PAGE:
Research News

Congratulations to our collaborator Mark Boothby on the acceptance of his PNAS paper

April 2019

Hypoxia-inducible factors in CD4+ T cells promote metabolism, switch cytokine secretion, and T cell help in humoral immunity

T cell help in humoral immunity includes interactions of B cells with activated extrafollicular CD4+ and follicular T helper (Tfh) cells. Each can promote antibody responses but Tfh cells play critical roles during germinal center (GC) reactions. After restimulation of their antigen receptor (TCR) by B cells, helper T cells act on B cells via CD40 ligand and secreted cytokines that guide Ig class switching. Hypoxia is a normal feature of GC, raising questions about molecular mechanisms governing the relationship between hypoxia response mechanisms and T cell help to antibody responses. Hypoxia-inducible factors (HIF) are prominent among mechanisms that mediate cellular responses to limited oxygen but also are induced by lymphocyte activation. We now show that loss of HIF-1α or of both HIF-1α and HIF-2α in CD4+ T cells compromised essential functions in help during antibody responses. HIF-1α depletion from CD4+ T cells reduced frequencies of antigen-specific GC B cells, Tfh cells, and overall antigen-specific Ab after immunization with sheep red blood cells. Compound deficiency of HIF-1α and HIF-2α led to humoral defects after hapten-carrier immunization. Further, HIF promoted CD40L expression while restraining the FoxP3-positive CD4+ cells in the CXCR5+ follicular regulatory population. Glycolysis increases T helper cytokine expression, and HIF promoted glycolysis in T helper cells via TCR or cytokine stimulation, as well as their production of cytokines that direct antibody class switching. Indeed, IFN-γ elaboration by HIF-deficient in vivo-generated Tfh cells was impaired. Collectively, the results indicate that HIF transcription factors are vital components of the mechanisms of help during humoral responses.

Phase II study on HIF-PHI vadadustat in hemodialysis patients

Effects of Vadadustat on Hemoglobin Concentrations in Patients Receiving Hemodialysis Previously Treated with Erythropoiesis Stimulating Agents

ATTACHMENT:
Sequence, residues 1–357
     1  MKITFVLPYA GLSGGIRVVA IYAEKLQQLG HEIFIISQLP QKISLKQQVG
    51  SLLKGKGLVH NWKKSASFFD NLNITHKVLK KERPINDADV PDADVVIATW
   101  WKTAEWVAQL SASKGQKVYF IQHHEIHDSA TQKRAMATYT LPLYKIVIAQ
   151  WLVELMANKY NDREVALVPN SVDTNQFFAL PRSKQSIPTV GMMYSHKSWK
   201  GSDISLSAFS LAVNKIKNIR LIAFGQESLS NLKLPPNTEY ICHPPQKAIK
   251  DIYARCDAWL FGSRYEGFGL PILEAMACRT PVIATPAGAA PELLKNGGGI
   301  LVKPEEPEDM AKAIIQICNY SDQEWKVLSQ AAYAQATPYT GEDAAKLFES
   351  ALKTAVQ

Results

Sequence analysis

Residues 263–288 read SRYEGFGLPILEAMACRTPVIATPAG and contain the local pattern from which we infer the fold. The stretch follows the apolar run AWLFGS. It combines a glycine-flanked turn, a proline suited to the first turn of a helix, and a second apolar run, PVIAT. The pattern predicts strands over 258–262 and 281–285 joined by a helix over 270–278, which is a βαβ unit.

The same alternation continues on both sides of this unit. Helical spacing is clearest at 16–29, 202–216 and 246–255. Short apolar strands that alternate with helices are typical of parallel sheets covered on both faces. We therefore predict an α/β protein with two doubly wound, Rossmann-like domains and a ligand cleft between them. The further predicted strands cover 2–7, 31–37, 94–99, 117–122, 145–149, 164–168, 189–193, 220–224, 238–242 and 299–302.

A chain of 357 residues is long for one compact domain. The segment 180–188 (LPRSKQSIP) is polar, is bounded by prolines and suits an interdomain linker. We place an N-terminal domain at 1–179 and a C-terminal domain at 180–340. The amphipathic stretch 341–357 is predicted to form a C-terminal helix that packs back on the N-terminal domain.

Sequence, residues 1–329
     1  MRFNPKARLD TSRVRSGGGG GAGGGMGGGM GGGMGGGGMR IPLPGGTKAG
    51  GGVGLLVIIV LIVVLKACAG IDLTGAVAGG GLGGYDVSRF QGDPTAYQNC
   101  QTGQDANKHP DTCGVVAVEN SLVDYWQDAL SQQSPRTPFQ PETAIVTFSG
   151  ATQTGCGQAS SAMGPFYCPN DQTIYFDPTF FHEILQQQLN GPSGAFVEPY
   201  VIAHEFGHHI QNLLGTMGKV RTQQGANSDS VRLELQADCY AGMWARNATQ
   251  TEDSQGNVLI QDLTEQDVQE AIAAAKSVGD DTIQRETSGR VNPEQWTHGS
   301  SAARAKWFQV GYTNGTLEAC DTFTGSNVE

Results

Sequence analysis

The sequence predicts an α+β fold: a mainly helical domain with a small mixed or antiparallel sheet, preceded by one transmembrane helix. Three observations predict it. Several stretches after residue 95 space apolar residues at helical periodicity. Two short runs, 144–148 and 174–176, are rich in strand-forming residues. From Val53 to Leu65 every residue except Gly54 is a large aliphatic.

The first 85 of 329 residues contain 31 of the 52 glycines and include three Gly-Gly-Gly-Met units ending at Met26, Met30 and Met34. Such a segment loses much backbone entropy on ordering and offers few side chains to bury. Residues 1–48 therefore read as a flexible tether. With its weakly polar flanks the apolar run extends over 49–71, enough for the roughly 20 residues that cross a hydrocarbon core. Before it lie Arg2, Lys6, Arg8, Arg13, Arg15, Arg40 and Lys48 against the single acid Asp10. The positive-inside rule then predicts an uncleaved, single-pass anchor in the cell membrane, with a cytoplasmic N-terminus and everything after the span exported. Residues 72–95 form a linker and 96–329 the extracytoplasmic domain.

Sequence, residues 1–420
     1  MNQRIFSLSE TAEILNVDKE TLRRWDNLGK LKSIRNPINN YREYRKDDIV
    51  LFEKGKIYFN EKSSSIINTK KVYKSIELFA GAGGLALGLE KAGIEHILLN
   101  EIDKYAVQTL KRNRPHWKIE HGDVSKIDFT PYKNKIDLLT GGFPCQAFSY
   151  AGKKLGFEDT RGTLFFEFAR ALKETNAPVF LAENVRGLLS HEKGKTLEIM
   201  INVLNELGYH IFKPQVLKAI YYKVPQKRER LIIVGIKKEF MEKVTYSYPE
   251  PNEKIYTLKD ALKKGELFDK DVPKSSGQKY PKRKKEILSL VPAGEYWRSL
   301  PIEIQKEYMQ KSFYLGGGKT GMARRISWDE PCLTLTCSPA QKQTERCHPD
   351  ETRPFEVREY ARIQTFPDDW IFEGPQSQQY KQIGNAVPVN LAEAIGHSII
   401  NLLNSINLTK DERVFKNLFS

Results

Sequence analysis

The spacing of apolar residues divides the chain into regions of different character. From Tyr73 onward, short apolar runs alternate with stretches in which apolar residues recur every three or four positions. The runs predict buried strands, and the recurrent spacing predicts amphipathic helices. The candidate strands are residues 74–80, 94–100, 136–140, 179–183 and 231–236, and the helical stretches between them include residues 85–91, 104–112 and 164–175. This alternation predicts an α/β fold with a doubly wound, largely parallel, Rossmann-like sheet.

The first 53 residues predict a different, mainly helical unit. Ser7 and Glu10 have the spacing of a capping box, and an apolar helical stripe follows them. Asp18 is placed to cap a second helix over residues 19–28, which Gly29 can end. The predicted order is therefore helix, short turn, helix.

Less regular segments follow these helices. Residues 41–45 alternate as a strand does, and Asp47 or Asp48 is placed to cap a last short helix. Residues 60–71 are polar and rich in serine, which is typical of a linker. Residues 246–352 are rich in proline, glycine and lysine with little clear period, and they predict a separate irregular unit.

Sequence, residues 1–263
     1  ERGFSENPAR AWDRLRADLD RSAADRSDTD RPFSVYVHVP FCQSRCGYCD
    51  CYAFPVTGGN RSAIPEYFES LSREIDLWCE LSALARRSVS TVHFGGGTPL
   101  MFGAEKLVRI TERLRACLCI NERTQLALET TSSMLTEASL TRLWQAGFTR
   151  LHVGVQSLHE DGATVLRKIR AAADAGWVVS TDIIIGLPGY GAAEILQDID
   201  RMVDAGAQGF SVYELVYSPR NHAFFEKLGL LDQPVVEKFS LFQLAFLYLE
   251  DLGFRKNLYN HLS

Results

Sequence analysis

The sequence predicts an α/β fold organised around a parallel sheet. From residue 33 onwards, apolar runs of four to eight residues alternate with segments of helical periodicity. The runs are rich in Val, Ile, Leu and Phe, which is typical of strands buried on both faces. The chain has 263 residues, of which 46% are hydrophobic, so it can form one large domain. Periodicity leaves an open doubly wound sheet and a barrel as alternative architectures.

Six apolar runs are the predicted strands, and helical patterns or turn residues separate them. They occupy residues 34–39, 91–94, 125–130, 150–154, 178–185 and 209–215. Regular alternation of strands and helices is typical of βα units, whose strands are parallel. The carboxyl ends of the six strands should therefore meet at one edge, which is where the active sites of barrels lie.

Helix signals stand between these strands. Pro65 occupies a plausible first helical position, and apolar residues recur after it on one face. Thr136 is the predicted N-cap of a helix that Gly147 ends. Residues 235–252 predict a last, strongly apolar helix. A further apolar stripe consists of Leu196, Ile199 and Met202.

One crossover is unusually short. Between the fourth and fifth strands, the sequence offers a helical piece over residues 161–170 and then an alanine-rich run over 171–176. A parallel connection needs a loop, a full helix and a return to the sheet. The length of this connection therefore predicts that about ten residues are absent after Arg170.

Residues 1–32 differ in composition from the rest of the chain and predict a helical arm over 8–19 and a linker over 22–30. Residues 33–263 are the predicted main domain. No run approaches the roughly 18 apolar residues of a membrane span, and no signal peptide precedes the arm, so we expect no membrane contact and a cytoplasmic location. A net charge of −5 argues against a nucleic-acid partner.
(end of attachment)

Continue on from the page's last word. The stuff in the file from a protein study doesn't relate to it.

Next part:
April 2018

Erythropoiesis-stimulating agents (ESAs) can correct anemia in chronic kidney disease (CKD) but are associated with increased risks of cardiovascular events. Vadadustat, an inhibitor of hypoxia-inducible factor prolyl-4-hydroxylase domain (HIF-PHD) dioxygenases, is an oral investigational agent in development for the treatment of anemia in patients with CKD.

In a 16-week, open-label, multicenter, Phase 2 trial, Haase and colleagues evaluated vadadustat in 94 patients receiving maintenance hemodialysis previously maintained on ESA therapy. Patients were converted to vadadustat and assigned to a prospective dose cohort: 300 mg daily, 450 mg daily, or 450 mg thrice weekly. The primary endpoints were the mean hemoglobin change from baseline to mid-trial and from baseline to end-of-trial.

No significant changes in hemoglobin concentrations were observed for the two time points in any of the three treatment groups. Hemoglobin concentrations remained stable after conversion from ESA therapy for the duration of the trial, with a single excursion >13 g/dL. Plasma concentrations of vadadustat or its metabolites were not affected by hemodialysis.

Post-hoc analyses found no association between the final vadadustat dose and achieved hemoglobin, baseline hepcidin, C-reactive protein, or previous ESA dose. The overall incidence of adverse events (AEs) was comparable across treatment groups. No deaths occurred during the study. No serious AEs were attributed to vadadustat.

In summary this new study concluded that Vadadustat maintained hemoglobin concentrations in patients on hemodialysis previously receiving ESA therapy.

click here for link to erythropoiesis, iron metabolism and renal anemia

click here to access media files on renal anemia

Haase lab identifies a new role for HIF-PHD oxygen sensors in kidney development

December 2017

Insufficient oxygenation during pregnancy negatively influences kidney development, which predisposes to chronic kidney disease at later stages in life. Kobayashi et al. demonstrate that deletion of HIF prolyl-hydroxylase (PHD) 2 and 3, in FoxD1 lineage cells reduces kidney size and inhibits nephrogenesis in mice. Temporo-spatial expression pattern and studies on additional knockouts suggest the involvement of hypoxia-inducible factor (HIF)-2. More …

click here to read the associated commentary in Kidney International

click here for link to research themes in the Haase lab